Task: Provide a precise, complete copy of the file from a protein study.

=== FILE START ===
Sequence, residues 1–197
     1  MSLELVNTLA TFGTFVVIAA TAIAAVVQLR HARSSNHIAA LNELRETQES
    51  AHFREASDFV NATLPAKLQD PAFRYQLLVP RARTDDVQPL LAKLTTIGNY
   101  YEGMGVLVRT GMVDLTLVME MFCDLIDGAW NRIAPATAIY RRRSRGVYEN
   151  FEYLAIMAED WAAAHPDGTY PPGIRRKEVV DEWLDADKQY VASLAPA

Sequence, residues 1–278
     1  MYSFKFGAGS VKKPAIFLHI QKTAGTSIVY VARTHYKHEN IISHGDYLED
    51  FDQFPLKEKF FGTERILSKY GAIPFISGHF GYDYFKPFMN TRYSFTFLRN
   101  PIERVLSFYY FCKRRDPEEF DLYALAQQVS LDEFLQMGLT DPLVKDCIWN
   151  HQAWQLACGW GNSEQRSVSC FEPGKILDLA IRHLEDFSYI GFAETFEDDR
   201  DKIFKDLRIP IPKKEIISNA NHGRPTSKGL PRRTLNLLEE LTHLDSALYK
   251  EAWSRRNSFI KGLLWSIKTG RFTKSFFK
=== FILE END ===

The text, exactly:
Sequence, residues 1–197
     1  MSLELVNTLA TFGTFVVIAA TAIAAVVQLR HARSSNHIAA LNELRETQES
    51  AHFREASDFV NATLPAKLQD PAFRYQLLVP RARTDDVQPL LAKLTTIGNY
   101  YEGMGVLVRT GMVDLTLVME MFCDLIDGAW NRIAPATAIY RRRSRGVYEN
   151  FEYLAIMAED WAAAHPDGTY PPGIRRKEVV DEWLDADKQY VASLAPA

Sequence, residues 1–278
     1  MYSFKFGAGS VKKPAIFLHI QKTAGTSIVY VARTHYKHEN IISHGDYLED
    51  FDQFPLKEKF FGTERILSKY GAIPFISGHF GYDYFKPFMN TRYSFTFLRN
   101  PIERVLSFYY FCKRRDPEEF DLYALAQQVS LDEFLQMGLT DPLVKDCIWN
   151  HQAWQLACGW GNSEQRSVSC FEPGKILDLA IRHLEDFSYI GFAETFEDDR
   201  DKIFKDLRIP IPKKEIISNA NHGRPTSKGL PRRTLNLLEE LTHLDSALYK
   251  EAWSRRNSFI KGLLWSIKTG RFTKSFFK